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Vulture trails claw across Lenovo's touchy N20p Chromebook
The Googlebook you can fondle
Review A friend recently introduced me to a North West fast-food tradition called half-and-half. That’s chips, rice and curry sauce to those of us born and raised in the more enlightened parts of the realm. It’s not a combination I’d considered before, but truth be told it’s a pleasant repast. Especially after a beer or three.
Fondle friendly: Lenovo's N20p touchscreen Chromebook
The idea of a touchscreen Chromebook struck me as equally incongruous, but since I was wrong about half-and-half, maybe I was wrong about Lenovo’s new touchy-feely N20p Chromebook too.
After yanking the N20p out of its box, the first thing that struck me was how thin and light the thing is. At 17.9mm thick and weighing 1.4kg, the Lenovo N20p gives little away to the 11-inch MacBook Air – which is 17mm thick and 1.08kg. Of course, the MacBook Air costs three times are much so it darned well ought to be a little lighter and thinner.
USB 3.0 together with a micro HDMI and the mic/headphone combo jack socket
Take a quick shufti around the new Lenovo and you’ll see it’s laid out pretty much as expected. One the left-hand side you’ll find a USB 3.0 port, micro HDMI and 3.5mm in/out audio connectors along with the power socket. On the right there’s a USB 2.0 port, on/off switch and SD card slot. More about that last feature below. With Bluetooth 4.0 and dual-band 802.11ac Wi-Fi, the N20p is pretty well connected for a budget laptop.
USB 2.0 on this side and an SD card slot
An unusual design twist is the ability of the screen to fold back through 300 degrees so you can set it up up Yoga-style, with the keyboard acting as a stand. Four little rubber feet – two on the lower corners of the keyboard deck and two on the inside of the screen hinge cover – keep the keyboard off the surface when it’s resting in "Yoga" mode.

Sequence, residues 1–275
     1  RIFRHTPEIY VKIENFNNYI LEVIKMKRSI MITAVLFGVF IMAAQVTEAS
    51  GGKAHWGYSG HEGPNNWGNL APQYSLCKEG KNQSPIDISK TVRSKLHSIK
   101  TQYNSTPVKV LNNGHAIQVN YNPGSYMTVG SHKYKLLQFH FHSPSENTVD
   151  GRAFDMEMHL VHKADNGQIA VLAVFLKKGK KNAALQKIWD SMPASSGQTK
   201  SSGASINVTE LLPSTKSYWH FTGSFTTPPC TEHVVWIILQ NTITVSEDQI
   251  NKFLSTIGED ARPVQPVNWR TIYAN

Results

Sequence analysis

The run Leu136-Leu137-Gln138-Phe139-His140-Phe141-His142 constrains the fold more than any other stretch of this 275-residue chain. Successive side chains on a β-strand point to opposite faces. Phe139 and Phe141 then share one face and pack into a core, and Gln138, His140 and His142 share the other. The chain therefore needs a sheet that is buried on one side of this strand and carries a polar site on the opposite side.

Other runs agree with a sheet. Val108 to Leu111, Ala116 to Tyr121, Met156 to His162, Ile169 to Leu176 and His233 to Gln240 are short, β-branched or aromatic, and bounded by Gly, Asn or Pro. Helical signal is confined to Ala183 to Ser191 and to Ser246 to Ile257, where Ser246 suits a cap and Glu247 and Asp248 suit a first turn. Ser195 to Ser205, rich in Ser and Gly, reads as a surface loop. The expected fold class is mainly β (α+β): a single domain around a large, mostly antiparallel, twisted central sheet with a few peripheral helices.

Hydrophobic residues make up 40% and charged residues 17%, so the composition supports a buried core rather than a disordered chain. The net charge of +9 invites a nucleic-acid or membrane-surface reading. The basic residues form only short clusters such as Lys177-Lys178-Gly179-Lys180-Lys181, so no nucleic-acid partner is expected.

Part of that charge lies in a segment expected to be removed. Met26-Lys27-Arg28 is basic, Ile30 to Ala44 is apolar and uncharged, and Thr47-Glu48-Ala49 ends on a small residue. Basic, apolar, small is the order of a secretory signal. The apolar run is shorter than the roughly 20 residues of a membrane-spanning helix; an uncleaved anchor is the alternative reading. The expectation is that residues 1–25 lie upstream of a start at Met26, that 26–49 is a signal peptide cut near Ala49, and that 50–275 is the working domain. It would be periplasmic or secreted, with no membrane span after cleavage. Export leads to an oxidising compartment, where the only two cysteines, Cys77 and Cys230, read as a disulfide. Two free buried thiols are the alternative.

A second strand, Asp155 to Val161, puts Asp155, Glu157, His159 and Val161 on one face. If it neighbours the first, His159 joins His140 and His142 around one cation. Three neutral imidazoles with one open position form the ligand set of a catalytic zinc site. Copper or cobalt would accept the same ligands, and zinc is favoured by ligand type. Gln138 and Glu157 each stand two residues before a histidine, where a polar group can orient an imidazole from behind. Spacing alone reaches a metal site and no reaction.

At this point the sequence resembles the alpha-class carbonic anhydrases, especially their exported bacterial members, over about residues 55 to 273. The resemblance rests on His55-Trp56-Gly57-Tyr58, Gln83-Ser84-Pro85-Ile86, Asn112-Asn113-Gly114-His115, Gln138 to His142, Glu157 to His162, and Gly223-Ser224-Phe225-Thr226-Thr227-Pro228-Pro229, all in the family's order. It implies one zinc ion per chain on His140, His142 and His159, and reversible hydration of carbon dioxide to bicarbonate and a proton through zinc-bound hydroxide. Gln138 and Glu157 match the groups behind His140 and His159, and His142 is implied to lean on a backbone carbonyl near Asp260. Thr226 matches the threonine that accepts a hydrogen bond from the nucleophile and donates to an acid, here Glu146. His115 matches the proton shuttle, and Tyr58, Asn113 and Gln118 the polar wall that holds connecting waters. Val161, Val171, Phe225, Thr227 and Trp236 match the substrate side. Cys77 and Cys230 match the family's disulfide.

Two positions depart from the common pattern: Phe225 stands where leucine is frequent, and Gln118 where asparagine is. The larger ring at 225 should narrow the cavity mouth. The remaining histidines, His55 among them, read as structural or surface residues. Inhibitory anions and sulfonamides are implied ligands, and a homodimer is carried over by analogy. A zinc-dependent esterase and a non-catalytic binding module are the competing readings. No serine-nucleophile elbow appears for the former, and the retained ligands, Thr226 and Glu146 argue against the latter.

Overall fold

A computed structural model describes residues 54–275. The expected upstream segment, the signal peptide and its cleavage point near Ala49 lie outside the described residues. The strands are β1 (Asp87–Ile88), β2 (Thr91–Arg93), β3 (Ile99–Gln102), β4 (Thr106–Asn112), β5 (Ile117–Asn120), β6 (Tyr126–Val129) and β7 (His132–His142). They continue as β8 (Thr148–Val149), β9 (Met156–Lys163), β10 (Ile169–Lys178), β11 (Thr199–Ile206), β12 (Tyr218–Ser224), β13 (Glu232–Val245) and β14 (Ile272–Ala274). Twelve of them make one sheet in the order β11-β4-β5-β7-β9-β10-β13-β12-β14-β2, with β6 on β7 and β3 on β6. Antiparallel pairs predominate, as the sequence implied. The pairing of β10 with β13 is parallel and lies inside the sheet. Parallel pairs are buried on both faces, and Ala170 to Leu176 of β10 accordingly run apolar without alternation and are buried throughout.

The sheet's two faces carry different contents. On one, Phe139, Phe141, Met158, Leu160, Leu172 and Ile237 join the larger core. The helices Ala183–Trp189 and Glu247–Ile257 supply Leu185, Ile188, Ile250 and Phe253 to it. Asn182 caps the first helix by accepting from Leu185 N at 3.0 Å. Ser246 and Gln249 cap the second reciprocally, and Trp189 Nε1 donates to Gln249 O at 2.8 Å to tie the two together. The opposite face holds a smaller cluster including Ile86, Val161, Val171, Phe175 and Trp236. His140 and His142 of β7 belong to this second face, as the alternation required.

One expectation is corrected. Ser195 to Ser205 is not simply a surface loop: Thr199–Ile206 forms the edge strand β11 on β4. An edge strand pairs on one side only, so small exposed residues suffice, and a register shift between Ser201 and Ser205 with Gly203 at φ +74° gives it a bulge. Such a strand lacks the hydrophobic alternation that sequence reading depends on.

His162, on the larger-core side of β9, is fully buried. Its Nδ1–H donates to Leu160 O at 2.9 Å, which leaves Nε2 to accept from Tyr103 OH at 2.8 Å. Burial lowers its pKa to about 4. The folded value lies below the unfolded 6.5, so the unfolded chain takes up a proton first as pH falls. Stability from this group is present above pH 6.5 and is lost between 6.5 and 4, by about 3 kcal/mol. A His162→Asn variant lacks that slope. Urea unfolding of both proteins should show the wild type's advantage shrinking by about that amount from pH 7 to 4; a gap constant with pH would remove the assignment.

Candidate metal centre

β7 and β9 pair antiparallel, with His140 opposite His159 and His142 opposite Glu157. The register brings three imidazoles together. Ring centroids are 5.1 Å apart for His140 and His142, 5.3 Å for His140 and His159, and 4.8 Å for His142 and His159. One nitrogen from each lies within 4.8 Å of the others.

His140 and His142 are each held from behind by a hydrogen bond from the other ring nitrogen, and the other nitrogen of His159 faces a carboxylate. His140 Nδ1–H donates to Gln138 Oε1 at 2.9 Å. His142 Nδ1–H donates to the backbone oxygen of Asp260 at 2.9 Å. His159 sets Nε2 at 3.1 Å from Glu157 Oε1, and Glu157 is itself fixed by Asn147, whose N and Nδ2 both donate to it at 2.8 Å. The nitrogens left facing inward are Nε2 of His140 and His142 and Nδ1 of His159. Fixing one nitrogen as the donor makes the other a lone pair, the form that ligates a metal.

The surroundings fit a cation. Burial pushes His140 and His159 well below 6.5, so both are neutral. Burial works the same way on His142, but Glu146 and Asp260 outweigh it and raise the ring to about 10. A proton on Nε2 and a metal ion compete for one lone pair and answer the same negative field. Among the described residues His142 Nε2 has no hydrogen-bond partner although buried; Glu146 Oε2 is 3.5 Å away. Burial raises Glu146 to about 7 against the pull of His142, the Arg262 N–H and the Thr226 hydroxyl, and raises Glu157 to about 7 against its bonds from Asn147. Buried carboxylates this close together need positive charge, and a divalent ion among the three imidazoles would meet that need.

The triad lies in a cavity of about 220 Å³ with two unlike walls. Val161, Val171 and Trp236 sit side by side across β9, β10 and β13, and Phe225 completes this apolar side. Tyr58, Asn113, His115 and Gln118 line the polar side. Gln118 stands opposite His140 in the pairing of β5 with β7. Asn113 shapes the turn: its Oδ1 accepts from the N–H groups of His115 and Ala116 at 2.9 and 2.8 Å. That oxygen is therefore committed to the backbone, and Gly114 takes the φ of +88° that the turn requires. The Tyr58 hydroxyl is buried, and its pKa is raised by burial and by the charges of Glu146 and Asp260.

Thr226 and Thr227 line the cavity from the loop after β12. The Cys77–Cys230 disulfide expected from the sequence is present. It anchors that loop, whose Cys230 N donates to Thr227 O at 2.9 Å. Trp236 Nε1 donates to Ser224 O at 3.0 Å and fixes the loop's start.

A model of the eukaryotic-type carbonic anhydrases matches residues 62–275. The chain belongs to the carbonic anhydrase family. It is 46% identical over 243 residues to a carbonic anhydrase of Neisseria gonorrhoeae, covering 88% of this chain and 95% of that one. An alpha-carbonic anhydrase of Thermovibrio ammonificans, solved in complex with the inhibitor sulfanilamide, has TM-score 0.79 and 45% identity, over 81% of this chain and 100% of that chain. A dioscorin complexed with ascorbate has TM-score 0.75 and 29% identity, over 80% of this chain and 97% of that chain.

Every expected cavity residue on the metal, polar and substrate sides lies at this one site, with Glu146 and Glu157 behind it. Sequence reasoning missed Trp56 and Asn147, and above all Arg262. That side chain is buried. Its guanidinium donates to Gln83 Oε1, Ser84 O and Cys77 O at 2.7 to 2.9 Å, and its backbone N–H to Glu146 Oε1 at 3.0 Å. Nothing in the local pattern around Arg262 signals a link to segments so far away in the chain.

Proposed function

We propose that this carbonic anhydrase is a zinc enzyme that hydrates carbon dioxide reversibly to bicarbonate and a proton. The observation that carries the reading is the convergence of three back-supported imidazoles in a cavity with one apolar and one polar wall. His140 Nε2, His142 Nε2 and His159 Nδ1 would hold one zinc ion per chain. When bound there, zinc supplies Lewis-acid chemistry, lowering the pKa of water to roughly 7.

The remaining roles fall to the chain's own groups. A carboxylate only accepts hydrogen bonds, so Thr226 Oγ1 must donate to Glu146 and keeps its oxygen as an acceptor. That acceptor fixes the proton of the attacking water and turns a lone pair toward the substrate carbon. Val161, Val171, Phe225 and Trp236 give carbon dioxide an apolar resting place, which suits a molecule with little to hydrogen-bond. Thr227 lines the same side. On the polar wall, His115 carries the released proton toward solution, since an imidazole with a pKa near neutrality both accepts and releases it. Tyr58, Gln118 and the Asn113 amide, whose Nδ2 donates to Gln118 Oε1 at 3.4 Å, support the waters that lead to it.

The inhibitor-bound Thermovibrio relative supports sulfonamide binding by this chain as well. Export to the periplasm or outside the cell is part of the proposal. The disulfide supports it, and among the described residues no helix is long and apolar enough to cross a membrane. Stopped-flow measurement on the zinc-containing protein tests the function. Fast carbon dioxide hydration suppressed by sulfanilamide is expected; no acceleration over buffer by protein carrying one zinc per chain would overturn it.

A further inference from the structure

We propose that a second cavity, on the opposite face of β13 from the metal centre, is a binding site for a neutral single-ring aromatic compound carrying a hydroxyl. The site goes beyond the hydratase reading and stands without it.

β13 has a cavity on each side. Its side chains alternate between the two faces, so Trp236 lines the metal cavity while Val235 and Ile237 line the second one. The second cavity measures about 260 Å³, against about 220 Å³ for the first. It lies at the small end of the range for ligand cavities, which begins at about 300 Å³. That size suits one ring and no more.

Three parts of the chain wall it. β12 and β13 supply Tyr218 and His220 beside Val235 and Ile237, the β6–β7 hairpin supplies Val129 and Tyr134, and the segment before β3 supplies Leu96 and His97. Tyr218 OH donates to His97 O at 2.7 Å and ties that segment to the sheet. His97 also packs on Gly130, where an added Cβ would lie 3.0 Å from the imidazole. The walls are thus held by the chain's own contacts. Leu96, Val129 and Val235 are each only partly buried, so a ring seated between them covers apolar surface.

On paper there’s nothing overly special about the N20p’s screen. 11.6 inches and 1366 x 768 pixels is par for the Chromebook course. That said, the Lenovo’s glossy display is one of the brighter and more colourful ones that I’ve come across on a Chromebook. It’s a bit of a shame that it’s not blessed with more robust viewing angles though. And of course it supports 10-point multitouch, which isn’t unheard of but is certainly not the norm for a Chromebook.
My initial doubts about the point of a multi-touch Chromebook were based on the fact that Chrome has never been even partly optimised for a touchscreen. In Google’s world, that’s Android’s job. As far as this Chromebook goes, no part of the OS has been changed, tweaked or altered to make better use of the touch screen. Yet in spite of that, I found myself regularly stroking, poking and fondling the N20p’s LED display.